The one constant that all electric power utilities share is change. Grid modernization efforts are nearly continuous from generation facilities across transmission lines and into distribution networks around the world. One of the most pressing challenges faced by power utilities is maintaining accurate Job Task Analysis (JTA) records and implementing training strategies that ensure personnel stay abreast of these constant changes.
The JTA is the most critical component of workforce analysis that should to be performed by a power utility, as it provides benchmarking for operational events and the minimum expected response. It also facilitates creating a training schedule for new and experienced personnel alike.
For both North American Electrical Reliability Corporation (NERC) functional entities (FE’s) and non-NERC regulated power utilities, the three most significant challenges are:
- Maintaining a “single source of truth.”
- Companies must maintain a single source of truth that accurately reflects as-operated field conditions in the network model managed by controllers and operators in near real-time. Company-specific JTAs/RRTs provide the foundation for the company’s duty as a power utility or FE. This single source of truth allows all roles to have visibility and various touchpoints to update the source of truth.
- Beyond good practice, power utilities identified as FE’s by NERC are required to create and maintain a company-specific JTA list known as Reliability Related Tasks (RRT’s). These serve as the keystone for the organization’s real-time operating and operations training practices. Because of continuous modernization efforts, these listings should be treated as “living documents,” meaning they never stop changing.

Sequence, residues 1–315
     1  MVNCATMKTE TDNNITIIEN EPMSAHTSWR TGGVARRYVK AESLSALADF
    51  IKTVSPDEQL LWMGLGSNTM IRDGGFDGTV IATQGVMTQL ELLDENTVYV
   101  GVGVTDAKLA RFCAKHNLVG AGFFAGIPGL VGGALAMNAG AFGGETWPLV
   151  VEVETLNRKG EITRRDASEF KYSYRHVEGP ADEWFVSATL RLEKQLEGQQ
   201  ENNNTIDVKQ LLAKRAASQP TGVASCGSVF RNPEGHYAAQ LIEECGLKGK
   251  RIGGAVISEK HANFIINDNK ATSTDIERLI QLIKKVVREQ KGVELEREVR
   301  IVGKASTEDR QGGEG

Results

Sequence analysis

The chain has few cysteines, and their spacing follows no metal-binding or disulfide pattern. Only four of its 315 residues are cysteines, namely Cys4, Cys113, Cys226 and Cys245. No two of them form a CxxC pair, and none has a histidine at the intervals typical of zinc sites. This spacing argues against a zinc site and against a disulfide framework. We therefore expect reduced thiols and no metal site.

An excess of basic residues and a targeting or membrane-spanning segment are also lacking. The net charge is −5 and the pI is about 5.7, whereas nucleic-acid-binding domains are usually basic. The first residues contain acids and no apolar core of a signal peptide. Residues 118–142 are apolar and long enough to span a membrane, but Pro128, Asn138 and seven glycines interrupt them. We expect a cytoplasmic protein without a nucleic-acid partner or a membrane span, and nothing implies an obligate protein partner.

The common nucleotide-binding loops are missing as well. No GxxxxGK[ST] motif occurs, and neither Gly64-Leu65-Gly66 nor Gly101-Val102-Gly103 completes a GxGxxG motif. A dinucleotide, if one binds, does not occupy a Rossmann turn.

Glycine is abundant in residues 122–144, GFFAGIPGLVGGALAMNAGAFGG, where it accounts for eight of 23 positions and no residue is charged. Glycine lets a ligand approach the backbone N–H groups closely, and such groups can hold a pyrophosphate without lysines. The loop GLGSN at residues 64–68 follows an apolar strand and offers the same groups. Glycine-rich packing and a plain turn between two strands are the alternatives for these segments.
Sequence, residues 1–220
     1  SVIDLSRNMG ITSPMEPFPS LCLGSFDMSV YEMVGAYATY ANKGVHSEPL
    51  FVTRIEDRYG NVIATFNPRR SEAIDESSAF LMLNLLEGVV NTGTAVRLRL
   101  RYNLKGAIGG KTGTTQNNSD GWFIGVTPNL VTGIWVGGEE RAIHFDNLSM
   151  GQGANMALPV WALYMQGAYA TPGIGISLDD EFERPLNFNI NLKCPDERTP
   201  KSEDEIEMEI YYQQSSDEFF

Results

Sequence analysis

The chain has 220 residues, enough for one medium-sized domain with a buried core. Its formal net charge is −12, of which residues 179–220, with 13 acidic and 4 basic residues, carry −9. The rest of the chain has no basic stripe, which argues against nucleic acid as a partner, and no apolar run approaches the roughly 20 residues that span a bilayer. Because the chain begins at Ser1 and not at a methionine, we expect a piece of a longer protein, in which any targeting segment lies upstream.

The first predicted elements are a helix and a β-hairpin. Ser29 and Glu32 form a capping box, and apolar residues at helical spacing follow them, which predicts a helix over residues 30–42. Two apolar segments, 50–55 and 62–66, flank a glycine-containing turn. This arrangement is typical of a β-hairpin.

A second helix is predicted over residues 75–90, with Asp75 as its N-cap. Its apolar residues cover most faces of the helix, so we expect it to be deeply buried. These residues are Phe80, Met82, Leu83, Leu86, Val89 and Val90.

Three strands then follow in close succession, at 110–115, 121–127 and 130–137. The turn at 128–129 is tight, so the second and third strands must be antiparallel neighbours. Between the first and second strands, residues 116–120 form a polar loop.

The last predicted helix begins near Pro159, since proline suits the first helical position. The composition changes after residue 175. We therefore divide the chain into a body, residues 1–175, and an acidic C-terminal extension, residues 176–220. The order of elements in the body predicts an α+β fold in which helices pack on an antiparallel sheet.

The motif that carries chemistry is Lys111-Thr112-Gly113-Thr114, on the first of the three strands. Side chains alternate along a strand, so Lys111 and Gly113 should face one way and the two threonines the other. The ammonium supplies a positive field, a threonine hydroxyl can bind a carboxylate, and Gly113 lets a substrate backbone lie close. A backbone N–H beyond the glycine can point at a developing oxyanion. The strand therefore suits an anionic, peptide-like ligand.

- NERC requires JTA documents to be reviewed at a minimum once per calendar year, with documented evidence of review and revision always readily available to demonstrate full compliance. In addition to the potential operational upsets, failure to comply with PER-005-2 can be extremely costly because the standard carries five (5) medium and one (1) high Violation Risk Factors, with the potential for a “severe” Violation Severity Level.
- Implementing new or upgraded ADMS, EMS, and/or OMS software.
- The deployment of new or upgraded control room and field software is never an easy process. In most cases, the education and training that comes along with the product are generic and not customized to end-user needs. Because significant time is invested in customizing the application for go-live, even more time should be invested in training end-users in both basic and advanced functionality.
- Workforce impacts, analysis, training needs, and related curriculum and deliveries should be divided into three workstreams: pre-purchase, purchase/pre-go live, and post go-live. Each of these workstreams should have milestones that are flexible and not flexible. This approach increases the likelihood that end-users are learning a nearly finished product in terms of functionality by the time the operator begins to learn how to use the new software.
- Failing to document and train personnel on system modernization.
- There is a dangerous mentality around the power industry that assumes what has been sufficient in the past is enough for today and will be adequate for tomorrow. While this may be accurate for fundamental concepts such as how AC and DC work, modernization requires that our operators stay abreast of a variety of challenges and conditions.
- The process of tracking changes, integrating those changes into RRT’s and JTA’s, and developing quality training to reach all necessary end-users is daunting but necessary to avoid operational upsets, fines, and loss of customer confidence.